Kapadia and his team spent three years working on the product, including a personal visit to Dubai to visit Maradona and interview him–but only on tape recorder, which is why viewers will only hear Maradona’s voice in the film–at least as it relates to his modern iteration.
But this works to the film’s favor as Maradona’s voiceover appears honest and vulnerable, helping the viewer understand his state of mind during the most tumultuous time of his career.
Aside from family members and those close to him such as the mother to both of his daughters, Claudia Villafañe (they are divorced but remain close to this day), there are other important characters in the film. There’s Fernando Signorini, Maradona’s personal trainer who cared not just for his physical development but also his mental state during his time in Italy. In many ways, Signorini knew Maradona better than anyone, and his inclusion in the documentary helps us understand more about his psychology, specifically when he became involved with the Camorra–the mafia-like crime syndicate born out of Naples–and the eventual introduction to a world of drugs and prostitution.
Aside from the media and fan obsession, this underworld was also the reason Maradona’s dual personality was born, Signorini says. There was the charismatic player and friend on one side and the cursed superstar on the other.
“With Diego I would go to the end of the world,” Signorini narrates. “But with Maradona, I wouldn’t take a step.”
At his most vulnerable, Maradona could also be so funny and charismatic. There’s a scene, for example, that takes place in 2004 as the Argentine, back in Buenos Aires, is on his way to do an interview with Daniel Hadad for Canal 9. It would be a powerful conversation in which he discusses his family, his drug addiction and his mistakes up to that point.
The camera follows a visibly nervous Maradona, surrounded by people as usual, as he makes his way to the studio. A man yells from above, “Diego, you’re bigger than the Pope!” Without missing a beat, Maradona quickly replies, “That’s not saying much.”
A film about Maradona, however, is not complete without visual reminders of his genius on the pitch, so Kapadia also includes highlights of his matches, specifically his time with Napoli and the 1986 and 1990 World Cups. These clips are stripped to the bare bones, taking away the narration and emphasizing mainly the sounds and gasps of the stadium.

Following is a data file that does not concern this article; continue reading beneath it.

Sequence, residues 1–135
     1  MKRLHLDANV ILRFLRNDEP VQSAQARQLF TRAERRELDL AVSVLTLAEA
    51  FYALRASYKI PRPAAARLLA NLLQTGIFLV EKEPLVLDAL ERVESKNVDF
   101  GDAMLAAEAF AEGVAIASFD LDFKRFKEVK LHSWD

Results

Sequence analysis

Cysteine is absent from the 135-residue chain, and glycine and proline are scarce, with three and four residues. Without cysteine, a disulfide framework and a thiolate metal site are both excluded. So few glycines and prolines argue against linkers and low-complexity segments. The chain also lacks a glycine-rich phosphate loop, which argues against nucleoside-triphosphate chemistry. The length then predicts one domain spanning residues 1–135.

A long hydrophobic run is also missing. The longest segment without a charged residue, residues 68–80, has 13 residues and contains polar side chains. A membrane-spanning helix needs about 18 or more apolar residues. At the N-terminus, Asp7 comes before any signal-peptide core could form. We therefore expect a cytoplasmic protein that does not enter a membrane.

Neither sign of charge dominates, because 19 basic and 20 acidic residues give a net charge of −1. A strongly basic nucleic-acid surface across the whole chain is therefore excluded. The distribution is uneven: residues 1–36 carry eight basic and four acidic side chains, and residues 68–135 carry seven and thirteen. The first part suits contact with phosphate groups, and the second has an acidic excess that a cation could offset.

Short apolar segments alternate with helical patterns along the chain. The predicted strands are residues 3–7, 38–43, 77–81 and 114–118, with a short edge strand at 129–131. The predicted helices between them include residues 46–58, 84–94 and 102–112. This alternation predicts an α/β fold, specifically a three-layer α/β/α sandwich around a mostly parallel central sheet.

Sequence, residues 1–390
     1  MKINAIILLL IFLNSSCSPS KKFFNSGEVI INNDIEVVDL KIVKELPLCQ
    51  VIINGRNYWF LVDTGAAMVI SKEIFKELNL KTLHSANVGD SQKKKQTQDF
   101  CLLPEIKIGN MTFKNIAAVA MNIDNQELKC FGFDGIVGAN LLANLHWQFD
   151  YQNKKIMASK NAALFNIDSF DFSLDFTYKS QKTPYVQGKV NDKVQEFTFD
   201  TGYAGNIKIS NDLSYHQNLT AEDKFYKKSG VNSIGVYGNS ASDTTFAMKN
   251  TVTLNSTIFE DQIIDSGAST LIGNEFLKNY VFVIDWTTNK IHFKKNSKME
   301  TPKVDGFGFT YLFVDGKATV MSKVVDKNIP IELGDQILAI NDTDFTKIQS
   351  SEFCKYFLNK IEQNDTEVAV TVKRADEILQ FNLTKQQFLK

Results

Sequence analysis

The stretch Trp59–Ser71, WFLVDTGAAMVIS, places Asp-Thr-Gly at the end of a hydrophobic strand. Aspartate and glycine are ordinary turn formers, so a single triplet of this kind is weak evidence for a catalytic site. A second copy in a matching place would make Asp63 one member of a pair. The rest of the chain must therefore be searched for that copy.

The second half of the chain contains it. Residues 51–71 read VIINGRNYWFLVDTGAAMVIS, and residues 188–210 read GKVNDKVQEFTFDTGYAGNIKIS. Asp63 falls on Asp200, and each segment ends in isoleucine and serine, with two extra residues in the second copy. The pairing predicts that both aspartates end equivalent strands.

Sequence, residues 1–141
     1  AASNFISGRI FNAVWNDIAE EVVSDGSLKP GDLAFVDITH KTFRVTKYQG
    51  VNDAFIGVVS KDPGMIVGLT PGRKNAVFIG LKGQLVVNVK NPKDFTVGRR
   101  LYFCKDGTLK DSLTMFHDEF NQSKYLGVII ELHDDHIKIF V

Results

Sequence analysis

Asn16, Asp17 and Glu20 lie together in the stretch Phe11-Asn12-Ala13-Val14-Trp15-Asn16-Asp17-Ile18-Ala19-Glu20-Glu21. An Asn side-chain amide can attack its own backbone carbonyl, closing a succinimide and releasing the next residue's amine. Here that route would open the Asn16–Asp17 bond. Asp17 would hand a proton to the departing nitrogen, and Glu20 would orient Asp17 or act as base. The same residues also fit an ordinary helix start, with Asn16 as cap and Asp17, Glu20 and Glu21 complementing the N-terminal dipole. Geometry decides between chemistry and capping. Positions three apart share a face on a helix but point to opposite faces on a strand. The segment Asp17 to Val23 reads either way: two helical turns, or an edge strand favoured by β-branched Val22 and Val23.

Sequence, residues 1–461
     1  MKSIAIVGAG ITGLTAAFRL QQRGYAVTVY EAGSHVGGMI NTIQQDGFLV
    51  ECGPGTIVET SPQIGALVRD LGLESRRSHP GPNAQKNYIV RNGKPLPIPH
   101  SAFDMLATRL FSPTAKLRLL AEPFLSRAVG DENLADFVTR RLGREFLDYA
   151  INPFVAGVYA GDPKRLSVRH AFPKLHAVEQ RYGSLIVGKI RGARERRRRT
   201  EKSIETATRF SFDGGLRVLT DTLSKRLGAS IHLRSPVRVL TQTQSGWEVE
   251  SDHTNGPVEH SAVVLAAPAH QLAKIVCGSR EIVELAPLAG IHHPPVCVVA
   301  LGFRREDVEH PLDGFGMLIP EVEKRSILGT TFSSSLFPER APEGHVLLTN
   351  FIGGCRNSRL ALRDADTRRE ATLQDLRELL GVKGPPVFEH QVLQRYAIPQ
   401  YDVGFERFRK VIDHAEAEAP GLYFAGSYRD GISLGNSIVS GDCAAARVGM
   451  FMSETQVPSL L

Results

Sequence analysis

When Maradona played, time stood still. Dribbling for him seemed as easy as taking a breath, and there was almost nothing a defender could do to stop him. Kapadia’s direction, therefore, focuses on this and nothing else.
“Football is the game of deceit,” Maradona says during a specific highlight. “You feint going over there, then you go in the opposite direction, and your opponent goes the other way.” And as he’s talking, he’s showing us exactly how he does it.
And it’s wonderful.
But with beauty also comes pain, and for all the glory we see on the pitch, that is not what Maradona is about. As Kapadia notes, this story is less about talent and more about loss, the curse of fame and how we, as humans, often fail to deal with its alluring qualities.
The story of Maradona, therefore, is a Greek tragedy in which the antihero, unable to control the powers of stardom, falls from grace and eventually fades away.
Eventually, he did return to the spotlight, and the obsession with who many say is the greatest player who has ever lived remains alive. But the reality is that whatever version of Maradona you may want to believe–the drug addict, the poet, the womanizer, the devil, the clown, the hero or the cheat–this film helps us understand that the most important version of the player was the kid from streets of Villa Fiorito who just wanted to play soccer with his friends until the sun went down.
And that version of Diego Maradona is long gone.